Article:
The racial violence was not quite as prominent in the Ozarks as it was in the Deep South, primarily because there were fewer blacks to begin with. Also, the frontier Ozarks had a history, dating back to the region's settlement in the early 1800s, of resorting to vigilante mobs or "rough justice" in dealing with heinous crimes not only by blacks but by whites as well.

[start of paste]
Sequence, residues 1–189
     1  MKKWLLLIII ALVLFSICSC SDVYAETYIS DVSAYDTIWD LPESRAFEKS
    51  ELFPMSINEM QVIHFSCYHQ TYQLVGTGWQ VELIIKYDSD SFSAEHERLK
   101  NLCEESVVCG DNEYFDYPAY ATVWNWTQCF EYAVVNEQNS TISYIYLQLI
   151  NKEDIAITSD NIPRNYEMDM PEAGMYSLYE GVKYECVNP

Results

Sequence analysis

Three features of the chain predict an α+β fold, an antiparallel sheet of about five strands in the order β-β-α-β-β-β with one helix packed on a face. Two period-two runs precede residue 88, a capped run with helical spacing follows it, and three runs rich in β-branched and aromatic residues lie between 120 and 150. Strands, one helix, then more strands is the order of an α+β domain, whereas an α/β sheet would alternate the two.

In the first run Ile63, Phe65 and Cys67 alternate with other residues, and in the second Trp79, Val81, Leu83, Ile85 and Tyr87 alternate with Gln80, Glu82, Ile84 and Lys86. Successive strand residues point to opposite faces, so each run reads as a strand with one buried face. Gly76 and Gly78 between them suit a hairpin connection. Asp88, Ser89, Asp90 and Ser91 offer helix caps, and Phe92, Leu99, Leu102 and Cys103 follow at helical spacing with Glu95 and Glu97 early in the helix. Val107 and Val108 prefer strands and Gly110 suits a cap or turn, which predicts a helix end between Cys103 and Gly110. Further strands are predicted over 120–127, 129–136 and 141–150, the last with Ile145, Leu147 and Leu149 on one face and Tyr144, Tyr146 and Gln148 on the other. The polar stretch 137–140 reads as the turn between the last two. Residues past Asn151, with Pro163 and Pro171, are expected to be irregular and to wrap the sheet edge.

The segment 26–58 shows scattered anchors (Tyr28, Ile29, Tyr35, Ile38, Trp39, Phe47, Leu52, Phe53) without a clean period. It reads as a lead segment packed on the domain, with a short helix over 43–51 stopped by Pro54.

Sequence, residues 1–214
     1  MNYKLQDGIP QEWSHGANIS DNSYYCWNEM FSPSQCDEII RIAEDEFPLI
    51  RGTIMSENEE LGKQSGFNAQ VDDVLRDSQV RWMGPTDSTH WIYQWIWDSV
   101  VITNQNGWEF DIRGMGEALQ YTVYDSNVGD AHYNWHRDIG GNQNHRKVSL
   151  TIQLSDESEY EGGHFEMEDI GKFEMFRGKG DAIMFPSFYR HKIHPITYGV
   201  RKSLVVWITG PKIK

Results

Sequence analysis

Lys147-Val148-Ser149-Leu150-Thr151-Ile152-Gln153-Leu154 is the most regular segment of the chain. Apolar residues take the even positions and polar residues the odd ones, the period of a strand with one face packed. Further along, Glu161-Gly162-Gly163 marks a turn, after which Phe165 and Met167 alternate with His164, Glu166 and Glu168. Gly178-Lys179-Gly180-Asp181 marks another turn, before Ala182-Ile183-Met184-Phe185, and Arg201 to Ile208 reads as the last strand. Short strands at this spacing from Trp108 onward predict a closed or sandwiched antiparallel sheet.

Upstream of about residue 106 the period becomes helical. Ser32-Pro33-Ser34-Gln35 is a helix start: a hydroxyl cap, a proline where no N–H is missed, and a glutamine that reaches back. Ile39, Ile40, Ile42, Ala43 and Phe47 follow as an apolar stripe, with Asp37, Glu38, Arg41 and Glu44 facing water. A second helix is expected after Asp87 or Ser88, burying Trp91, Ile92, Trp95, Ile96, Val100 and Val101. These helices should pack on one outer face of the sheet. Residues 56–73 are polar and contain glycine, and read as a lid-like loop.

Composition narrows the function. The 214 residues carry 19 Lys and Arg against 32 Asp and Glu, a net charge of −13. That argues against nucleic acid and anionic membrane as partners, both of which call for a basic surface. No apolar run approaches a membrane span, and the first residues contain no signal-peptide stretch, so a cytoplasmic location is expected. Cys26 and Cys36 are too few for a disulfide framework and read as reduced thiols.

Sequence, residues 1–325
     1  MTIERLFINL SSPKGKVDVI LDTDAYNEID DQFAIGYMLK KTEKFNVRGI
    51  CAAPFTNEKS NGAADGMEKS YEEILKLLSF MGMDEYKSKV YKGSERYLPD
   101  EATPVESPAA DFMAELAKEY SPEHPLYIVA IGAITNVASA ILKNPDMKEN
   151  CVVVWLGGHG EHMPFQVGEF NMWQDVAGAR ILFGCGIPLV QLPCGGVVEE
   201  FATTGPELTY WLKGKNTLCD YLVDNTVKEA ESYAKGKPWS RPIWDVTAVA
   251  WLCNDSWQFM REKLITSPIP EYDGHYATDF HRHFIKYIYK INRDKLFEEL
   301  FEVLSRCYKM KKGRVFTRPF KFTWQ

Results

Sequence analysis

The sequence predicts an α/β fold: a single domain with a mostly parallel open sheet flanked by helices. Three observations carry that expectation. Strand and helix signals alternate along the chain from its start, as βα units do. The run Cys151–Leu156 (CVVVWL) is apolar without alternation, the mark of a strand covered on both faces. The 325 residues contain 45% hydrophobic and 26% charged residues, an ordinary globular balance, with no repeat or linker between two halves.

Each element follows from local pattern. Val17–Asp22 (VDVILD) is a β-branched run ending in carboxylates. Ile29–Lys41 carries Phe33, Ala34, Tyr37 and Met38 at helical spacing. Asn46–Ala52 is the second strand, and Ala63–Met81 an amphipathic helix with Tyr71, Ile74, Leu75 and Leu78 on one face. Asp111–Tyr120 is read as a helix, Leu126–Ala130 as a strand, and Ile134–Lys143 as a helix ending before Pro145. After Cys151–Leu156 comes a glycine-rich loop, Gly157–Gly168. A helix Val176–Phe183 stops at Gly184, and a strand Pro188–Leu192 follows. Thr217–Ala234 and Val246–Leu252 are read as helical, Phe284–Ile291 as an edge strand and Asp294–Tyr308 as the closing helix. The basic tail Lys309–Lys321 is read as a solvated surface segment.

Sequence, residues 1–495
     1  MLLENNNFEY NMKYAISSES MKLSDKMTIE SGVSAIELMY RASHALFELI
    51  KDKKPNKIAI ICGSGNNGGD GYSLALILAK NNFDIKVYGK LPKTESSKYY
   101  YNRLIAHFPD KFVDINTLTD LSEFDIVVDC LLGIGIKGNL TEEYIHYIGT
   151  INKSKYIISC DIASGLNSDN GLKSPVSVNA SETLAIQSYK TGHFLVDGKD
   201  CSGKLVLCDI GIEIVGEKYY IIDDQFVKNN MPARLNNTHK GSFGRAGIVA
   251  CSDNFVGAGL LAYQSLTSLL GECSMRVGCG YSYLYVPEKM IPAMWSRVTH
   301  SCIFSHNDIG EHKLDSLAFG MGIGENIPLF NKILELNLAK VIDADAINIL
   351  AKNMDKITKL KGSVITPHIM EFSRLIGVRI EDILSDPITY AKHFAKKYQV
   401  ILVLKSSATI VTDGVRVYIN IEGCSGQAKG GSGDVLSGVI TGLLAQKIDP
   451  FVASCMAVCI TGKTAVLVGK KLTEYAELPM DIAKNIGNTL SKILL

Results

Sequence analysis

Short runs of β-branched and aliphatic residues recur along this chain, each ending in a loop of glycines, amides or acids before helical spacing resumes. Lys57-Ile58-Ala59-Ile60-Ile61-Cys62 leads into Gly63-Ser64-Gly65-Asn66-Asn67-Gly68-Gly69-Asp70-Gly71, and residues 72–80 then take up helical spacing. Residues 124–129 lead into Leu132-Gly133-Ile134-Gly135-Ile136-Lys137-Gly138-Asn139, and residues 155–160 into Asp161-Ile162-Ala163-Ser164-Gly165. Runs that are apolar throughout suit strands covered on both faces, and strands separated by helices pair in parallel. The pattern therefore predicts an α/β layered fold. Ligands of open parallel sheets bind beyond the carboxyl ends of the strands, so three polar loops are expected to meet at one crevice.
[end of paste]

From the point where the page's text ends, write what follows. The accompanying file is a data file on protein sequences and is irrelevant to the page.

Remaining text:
So, the chapter in my book doesn't deal specifically with black lynchings, although the area's three most noted racial lynchings (i.e. Pierce City in 1901, Joplin in 1903, and Springfield in 1906) do receive particular focus. The chapter is just an overview of the subject of lynchings in the Ozarks, both black and white. If you want to read an in-depth account of racially motivated lynchings in the Ozarks, I would recommend Kimberly Harper's White Man's Heaven.